Pursuing compensation for a commercial truck collision can be complicated and difficult, especially when a farm vehicle is involved. An experienced attorney familiar with the intrastate trucking laws in Alabama can help victims seeking legal recourse.
Contact An Experienced Truck Accident Lawyer
Citrin Law Firm is proud of our “Attorneys Helping People”. If you have been affected by a crash with a commercial vehicle and are concerned about interstate truck insurance liability, one of our passionate 18-wheeler accident lawyers may be able to help.
We offer free legal consultations to accident victims in Mobile and throughout Alabama. When you call us, a member of our team will review your circumstances and quickly connect you to the attorney best suited to your case, who can recommend the most appropriate course of legal action to pursue. We have tan office located conveniently in Mobile, and we are proud to serve the following communities:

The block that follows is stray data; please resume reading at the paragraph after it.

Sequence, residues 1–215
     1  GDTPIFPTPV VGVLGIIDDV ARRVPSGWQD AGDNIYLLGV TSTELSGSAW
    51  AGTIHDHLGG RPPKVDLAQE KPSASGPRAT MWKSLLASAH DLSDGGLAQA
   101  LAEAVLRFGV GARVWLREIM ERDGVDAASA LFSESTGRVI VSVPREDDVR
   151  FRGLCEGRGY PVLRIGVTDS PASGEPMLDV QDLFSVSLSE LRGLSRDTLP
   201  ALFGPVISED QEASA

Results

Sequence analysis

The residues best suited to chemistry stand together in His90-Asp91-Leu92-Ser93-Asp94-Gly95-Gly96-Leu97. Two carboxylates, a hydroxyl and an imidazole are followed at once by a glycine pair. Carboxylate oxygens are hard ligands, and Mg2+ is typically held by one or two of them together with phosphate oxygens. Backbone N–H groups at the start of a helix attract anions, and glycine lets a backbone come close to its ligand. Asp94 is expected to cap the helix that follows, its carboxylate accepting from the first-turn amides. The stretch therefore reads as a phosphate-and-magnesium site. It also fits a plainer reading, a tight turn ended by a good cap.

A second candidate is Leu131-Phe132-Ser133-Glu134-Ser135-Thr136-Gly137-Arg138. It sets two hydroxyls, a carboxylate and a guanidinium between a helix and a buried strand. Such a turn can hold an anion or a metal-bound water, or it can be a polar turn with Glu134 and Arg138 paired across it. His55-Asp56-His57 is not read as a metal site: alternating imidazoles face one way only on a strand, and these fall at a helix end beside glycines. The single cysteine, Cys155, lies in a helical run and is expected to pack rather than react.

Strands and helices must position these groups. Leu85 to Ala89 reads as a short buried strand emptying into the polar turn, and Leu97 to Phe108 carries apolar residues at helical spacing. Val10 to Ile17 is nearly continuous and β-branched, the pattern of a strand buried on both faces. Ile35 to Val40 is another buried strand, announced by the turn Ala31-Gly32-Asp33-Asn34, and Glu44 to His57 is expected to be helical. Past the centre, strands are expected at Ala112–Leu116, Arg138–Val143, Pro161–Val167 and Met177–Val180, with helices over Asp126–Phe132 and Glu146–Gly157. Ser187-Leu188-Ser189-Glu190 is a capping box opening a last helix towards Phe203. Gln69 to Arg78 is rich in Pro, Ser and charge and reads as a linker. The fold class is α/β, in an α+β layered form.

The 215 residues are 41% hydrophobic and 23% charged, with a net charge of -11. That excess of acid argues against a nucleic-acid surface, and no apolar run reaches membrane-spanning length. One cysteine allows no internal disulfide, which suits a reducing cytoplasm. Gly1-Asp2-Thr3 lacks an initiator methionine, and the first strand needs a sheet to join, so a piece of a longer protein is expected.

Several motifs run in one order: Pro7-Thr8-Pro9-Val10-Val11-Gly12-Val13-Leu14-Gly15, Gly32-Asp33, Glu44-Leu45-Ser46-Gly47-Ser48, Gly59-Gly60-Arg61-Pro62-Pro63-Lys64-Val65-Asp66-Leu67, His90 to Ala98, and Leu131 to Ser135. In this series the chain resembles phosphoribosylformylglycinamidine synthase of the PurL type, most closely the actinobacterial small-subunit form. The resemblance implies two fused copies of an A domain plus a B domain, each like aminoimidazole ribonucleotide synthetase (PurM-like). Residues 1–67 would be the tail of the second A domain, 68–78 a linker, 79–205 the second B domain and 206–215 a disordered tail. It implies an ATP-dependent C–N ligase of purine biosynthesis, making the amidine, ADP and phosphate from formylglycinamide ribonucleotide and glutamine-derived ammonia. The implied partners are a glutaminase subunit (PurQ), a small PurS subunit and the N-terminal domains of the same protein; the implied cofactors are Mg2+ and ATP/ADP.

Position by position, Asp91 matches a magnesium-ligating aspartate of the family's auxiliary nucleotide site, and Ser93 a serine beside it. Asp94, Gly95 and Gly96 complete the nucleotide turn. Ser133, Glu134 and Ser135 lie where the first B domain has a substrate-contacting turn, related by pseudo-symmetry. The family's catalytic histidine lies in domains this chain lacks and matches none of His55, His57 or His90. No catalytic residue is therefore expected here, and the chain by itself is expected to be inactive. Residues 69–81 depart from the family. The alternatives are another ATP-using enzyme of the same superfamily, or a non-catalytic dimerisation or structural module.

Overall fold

- Forest Park
- Pine Grove
- …and surrounding cities and towns
Our legal professionals are dedicated to helping victims of trucking accidents to seek justice for their injuries. We operate on a contingency fee basis so victims like you can afford proper legal representation. When you hire Citrin Law Firm, there is no cost to you until we obtain a favorable outcome in your case. Call us today at 251-888-8888 to speak with one of our knowledgeable staff members and learn about your legal options.
For even faster service, fill out our Free Case Review form.